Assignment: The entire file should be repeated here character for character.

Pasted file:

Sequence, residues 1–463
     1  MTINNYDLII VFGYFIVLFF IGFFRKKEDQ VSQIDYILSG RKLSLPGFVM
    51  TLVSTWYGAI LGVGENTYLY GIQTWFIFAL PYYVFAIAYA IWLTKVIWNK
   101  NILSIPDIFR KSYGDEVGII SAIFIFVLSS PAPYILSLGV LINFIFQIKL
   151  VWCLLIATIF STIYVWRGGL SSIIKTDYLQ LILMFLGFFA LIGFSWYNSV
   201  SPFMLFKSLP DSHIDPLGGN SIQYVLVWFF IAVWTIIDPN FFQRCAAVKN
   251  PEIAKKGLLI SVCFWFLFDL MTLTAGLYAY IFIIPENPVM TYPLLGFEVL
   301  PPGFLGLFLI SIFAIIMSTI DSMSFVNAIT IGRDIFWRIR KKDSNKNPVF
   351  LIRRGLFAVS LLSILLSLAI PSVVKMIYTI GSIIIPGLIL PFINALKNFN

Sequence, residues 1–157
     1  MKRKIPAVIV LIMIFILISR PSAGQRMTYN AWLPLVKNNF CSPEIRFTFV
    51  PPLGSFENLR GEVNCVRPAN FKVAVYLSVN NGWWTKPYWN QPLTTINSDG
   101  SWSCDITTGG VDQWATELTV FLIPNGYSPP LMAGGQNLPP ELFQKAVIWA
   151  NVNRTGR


Sequence, residues 1–463
     1  MTINNYDLII VFGYFIVLFF IGFFRKKEDQ VSQIDYILSG RKLSLPGFVM
    51  TLVSTWYGAI LGVGENTYLY GIQTWFIFAL PYYVFAIAYA IWLTKVIWNK
   101  NILSIPDIFR KSYGDEVGII SAIFIFVLSS PAPYILSLGV LINFIFQIKL
   151  VWCLLIATIF STIYVWRGGL SSIIKTDYLQ LILMFLGFFA LIGFSWYNSV
   201  SPFMLFKSLP DSHIDPLGGN SIQYVLVWFF IAVWTIIDPN FFQRCAAVKN
   251  PEIAKKGLLI SVCFWFLFDL MTLTAGLYAY IFIIPENPVM TYPLLGFEVL
   301  PPGFLGLFLI SIFAIIMSTI DSMSFVNAIT IGRDIFWRIR KKDSNKNPVF
   351  LIRRGLFAVS LLSILLSLAI PSVVKMIYTI GSIIIPGLIL PFINALKNFN

Sequence, residues 1–157
     1  MKRKIPAVIV LIMIFILISR PSAGQRMTYN AWLPLVKNNF CSPEIRFTFV
    51  PPLGSFENLR GEVNCVRPAN FKVAVYLSVN NGWWTKPYWN QPLTTINSDG
   101  SWSCDITTGG VDQWATELTV FLIPNGYSPP LMAGGQNLPP ELFQKAVIWA
   151  NVNRTGR